Resurgence may be defined generally as the extinction-induced recurrence of previously learned response patterns. Understanding the conditions under which this phenomenon occurs has theoretical, clinical, and applied implications, particularly with respect to a related area of research on response-class hierarchies. In the current study, we examined resurgence with 2 participants who exhibited response-class hierarchies consisting of various topographies of severe problem behavior maintained by positive reinforcement. Baseline levels of responding were maintained by brief access to tangible items. In a second condition, reinforcement was produced by an alternative topography of severe problem behavior, and the initial topography was extinguished concurrently. When the reinforcement contingency for alternative behavior was removed, previously reinforced topographies recovered. This resurgence was specific to behavior that recently produced the reinforcer, which suggests that the recovery was not simply extinction-induced variation or emotional responding. The clinical implications of the results are discussed and related to results that have been produced in the laboratory by a variety of methods.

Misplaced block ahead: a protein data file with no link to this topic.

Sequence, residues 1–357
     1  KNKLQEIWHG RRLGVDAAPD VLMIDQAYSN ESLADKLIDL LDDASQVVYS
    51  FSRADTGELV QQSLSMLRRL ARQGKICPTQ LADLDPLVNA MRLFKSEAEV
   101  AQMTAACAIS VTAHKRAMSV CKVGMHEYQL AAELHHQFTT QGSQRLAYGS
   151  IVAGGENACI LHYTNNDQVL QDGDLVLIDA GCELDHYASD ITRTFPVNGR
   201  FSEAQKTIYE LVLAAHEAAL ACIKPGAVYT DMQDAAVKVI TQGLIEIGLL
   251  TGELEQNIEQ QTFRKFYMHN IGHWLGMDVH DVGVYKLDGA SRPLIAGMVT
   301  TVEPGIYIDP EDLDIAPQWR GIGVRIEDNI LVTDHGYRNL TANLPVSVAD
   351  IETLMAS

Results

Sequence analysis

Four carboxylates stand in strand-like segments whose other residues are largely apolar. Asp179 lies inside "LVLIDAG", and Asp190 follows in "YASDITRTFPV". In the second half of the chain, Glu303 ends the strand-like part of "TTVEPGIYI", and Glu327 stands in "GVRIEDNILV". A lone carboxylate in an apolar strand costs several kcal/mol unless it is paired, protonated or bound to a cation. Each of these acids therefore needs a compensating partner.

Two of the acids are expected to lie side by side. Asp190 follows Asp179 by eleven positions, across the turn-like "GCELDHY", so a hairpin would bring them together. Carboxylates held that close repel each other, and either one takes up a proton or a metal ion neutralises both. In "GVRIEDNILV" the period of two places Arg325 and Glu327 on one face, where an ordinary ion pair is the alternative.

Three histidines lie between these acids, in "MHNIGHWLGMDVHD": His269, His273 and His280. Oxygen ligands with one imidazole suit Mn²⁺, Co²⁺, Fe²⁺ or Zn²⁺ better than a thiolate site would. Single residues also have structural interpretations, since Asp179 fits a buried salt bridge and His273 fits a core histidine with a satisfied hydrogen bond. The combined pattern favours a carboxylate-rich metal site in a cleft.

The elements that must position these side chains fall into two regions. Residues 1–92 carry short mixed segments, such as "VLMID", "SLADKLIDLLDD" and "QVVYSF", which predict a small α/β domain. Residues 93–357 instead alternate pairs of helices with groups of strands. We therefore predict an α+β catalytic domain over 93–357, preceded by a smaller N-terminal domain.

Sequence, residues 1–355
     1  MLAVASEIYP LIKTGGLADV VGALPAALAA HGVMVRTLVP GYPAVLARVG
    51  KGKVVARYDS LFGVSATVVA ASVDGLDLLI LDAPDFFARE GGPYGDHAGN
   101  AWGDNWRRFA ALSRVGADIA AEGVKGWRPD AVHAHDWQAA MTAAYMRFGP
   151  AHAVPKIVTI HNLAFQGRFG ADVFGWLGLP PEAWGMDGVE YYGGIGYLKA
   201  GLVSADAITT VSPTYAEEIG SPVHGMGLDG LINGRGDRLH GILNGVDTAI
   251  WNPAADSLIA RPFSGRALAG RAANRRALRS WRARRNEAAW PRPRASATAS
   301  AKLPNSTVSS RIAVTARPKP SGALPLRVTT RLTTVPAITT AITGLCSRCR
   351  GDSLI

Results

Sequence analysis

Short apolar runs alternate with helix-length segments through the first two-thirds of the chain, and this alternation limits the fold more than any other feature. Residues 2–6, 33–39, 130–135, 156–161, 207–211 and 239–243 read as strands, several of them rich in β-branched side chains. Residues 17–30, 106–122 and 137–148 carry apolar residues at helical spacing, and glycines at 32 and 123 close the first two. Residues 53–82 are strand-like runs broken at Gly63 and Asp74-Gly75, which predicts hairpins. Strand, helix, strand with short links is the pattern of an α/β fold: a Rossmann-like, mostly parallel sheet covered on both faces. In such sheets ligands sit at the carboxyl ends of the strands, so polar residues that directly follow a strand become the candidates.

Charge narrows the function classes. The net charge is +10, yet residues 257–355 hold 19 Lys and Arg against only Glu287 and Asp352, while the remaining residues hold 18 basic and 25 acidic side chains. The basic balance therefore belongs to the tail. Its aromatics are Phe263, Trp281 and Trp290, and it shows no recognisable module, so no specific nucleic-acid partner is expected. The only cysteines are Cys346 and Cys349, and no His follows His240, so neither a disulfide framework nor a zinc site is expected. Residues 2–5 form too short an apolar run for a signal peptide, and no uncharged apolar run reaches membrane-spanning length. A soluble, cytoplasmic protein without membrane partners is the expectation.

ASJC Scopus subject areas
- Arts and Humanities (miscellaneous)